The Columbus City Council made it official and committed to the upgrade of Golden Park to bring professional baseball back to the city. The baseball fan in me is thrilled. The taxpayer in me is wondering if I’ll be left holding the bag down the road.

The fact that the proposal would pass was a foregone conclusion. The way the commitment was made put the city’s reputation on the line. Rejecting it would have destroyed the ability to attract any outside business – ever. Who could believe any promises from the Columbus government if that had happened?

So, it’s a done deal, with a $50 million bond issue on the way. How will it be paid for? Beats me. The first year’s taken care of with $2 million out of the permanent 1% sales tax. Starting in 2026, the bill will be $4.2 million a year, with no plan, at least yet. Hey, there’s always the prospect of raising property taxes.

Good luck with that.

I’m not trying to pee in everyone’s cornflakes here. The city of Columbus has amazing potential. There’s a chance that this could be the tipping point and spark the downtown investment and explosion of growth the city’s been working for the past decade-plus.

Guess what – it better happen that way. I don’t like the chances of some Good Samaritan with a checkbook popping up to bail out the city.

And the city has been falling down on the job. Basic maintenance hasn’t been done on the current sports and recreational facilities. The very same night the Golden Park bond issue was approved, the city council had a do some quick literal fence-mending and stadium patching by allocating $1.6 million to do basic and overdue maintenance on A.J. McClung Memorial Stadium, one block away from Golden Park. Other city venues dedicated to youth sports are even in worse shape, neglected for far too long.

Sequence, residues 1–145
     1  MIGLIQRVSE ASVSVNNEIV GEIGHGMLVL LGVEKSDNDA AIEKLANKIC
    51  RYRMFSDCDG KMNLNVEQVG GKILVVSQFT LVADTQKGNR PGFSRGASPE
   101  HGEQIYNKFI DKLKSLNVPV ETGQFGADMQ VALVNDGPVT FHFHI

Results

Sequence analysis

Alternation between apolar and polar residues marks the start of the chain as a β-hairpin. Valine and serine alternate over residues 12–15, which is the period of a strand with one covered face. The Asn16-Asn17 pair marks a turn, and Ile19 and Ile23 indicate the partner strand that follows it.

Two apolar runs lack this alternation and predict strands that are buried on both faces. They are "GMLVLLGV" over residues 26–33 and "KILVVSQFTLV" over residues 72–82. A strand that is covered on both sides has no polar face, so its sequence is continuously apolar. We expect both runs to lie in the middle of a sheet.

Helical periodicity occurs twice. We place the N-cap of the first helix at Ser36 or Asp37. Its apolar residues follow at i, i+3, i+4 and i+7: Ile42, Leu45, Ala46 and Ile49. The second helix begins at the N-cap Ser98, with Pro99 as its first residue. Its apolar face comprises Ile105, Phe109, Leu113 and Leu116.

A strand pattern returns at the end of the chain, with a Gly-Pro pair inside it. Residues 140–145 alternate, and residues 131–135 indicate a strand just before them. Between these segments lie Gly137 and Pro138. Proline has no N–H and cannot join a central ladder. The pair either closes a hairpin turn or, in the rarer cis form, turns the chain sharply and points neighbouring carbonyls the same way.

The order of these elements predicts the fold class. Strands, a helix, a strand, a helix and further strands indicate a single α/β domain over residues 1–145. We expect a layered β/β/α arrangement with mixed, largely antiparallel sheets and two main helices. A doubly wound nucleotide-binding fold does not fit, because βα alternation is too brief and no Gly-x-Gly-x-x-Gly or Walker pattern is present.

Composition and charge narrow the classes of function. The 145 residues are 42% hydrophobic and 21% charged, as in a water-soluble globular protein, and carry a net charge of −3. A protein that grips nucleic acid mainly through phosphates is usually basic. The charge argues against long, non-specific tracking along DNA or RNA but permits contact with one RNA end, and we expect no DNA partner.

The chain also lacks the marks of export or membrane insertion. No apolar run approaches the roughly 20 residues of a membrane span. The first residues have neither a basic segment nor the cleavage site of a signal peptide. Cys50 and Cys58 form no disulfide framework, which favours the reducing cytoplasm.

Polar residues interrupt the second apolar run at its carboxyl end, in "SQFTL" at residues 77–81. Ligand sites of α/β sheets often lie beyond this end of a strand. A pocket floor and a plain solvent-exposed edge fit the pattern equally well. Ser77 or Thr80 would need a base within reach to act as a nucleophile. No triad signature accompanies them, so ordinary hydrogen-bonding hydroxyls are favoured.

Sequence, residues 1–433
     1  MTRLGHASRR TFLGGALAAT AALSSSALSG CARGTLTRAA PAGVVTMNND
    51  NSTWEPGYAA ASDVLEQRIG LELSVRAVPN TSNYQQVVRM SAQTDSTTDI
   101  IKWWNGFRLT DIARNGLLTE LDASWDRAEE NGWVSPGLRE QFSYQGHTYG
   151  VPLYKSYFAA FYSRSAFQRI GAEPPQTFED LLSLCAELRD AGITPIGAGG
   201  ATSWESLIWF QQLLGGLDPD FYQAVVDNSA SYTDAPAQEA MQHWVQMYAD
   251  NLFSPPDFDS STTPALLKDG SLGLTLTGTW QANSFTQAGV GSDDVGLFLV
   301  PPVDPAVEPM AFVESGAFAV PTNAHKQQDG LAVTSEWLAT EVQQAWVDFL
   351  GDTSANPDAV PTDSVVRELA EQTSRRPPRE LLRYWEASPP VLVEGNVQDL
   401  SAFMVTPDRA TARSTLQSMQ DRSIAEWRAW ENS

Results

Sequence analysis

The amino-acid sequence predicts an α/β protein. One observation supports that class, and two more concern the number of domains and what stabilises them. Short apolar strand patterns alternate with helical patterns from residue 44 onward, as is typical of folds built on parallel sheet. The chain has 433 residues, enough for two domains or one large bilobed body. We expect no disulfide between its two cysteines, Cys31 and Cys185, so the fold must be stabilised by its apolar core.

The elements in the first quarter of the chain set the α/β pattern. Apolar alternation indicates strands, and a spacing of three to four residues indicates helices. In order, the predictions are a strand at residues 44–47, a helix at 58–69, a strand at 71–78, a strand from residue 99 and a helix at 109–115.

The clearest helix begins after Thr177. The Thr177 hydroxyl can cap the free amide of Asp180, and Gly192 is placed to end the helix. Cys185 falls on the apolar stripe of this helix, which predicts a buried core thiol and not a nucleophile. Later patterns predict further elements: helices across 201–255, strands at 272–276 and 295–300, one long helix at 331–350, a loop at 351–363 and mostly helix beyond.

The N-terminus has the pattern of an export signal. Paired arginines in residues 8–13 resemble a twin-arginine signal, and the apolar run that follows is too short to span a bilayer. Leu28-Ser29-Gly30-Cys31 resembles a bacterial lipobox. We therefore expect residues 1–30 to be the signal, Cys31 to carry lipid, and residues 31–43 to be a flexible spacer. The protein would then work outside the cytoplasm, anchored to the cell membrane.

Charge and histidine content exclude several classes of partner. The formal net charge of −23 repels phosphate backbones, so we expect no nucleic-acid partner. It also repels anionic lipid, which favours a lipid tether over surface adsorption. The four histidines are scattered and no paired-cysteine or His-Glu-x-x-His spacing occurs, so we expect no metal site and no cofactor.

The track record is abysmal. Trust issues abound.

The dreamers better get serious. That means putting together a concrete plan in the next two months for projects that will open things up and create a must-attend venue that provides more than just baseball.

Everyone has to step up, especially those who envision themselves as civic leaders in not just Columbus, but the whole metro – including Phenix City, Smiths Station, Fort Benning/Moore, and Harris County. Corporate leaders have to go all-in, brainstorming to put together projects that can succeed, actively personally participating in the work, and opening up their personal checkbooks.

If this works, everyone benefits. And sticking the taxpayers with the bill is not an ethical option.

The good news in all this is that Glenn Davis is one of the sceptics on the city council. Davis understands what is going on better than anyone else in town after a decade-long career in major league baseball (which included a season as a Columbus Astro on the way up the ladder) followed by his dive into the construction business. Ignore him at your peril.

I want to see it work. I want to see it work as much as anyone who lives in this city and this area. I can’t express how much I’ve missed having professional baseball on those summer nights at Golden Park. I’ll do whatever I can to make things happen.

Alea iacta est – the die is cast. Skip Henderson as Caesar? This time it’s not the Rubicon that’s been crossed, it’s the Chattahoochee.

Time to get to work.

Leave a Comment